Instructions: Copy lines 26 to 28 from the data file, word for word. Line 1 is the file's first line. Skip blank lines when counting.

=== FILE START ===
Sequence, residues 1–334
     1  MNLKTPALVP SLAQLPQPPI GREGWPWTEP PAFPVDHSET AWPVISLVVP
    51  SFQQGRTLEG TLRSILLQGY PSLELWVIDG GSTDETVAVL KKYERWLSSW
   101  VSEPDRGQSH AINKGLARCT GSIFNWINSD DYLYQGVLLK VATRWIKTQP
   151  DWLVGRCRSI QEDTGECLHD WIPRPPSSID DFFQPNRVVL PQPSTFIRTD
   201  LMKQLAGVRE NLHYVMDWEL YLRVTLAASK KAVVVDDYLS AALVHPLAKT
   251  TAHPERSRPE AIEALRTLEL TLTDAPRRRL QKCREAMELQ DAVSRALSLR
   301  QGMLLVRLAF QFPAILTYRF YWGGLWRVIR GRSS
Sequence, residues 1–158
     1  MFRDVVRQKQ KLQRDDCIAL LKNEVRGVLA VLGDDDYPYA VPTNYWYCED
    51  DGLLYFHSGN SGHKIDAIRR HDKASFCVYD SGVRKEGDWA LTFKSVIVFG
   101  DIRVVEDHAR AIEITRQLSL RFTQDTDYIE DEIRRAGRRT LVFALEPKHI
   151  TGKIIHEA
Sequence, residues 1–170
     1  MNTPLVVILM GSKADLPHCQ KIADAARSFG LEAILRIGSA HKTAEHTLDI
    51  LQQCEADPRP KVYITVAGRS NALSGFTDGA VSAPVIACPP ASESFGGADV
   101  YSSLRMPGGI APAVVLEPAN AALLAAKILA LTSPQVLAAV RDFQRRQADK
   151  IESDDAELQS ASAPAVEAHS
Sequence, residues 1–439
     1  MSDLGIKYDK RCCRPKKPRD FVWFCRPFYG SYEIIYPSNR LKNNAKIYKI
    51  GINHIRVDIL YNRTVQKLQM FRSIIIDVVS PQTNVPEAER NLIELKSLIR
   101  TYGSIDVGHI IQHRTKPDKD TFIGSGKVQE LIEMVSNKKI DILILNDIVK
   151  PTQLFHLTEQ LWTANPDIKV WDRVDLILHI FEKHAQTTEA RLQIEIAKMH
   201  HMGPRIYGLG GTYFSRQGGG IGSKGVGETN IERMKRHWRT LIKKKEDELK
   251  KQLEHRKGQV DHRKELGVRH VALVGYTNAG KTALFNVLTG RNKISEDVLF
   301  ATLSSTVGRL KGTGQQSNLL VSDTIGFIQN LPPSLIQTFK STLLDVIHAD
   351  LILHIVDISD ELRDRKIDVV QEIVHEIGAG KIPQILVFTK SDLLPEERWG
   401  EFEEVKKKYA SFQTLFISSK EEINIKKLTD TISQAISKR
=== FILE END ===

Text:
   301  ATLSSTVGRL KGTGQQSNLL VSDTIGFIQN LPPSLIQTFK STLLDVIHAD
   351  LILHIVDISD ELRDRKIDVV QEIVHEIGAG KIPQILVFTK SDLLPEERWG
   401  EFEEVKKKYA SFQTLFISSK EEINIKKLTD TISQAISKR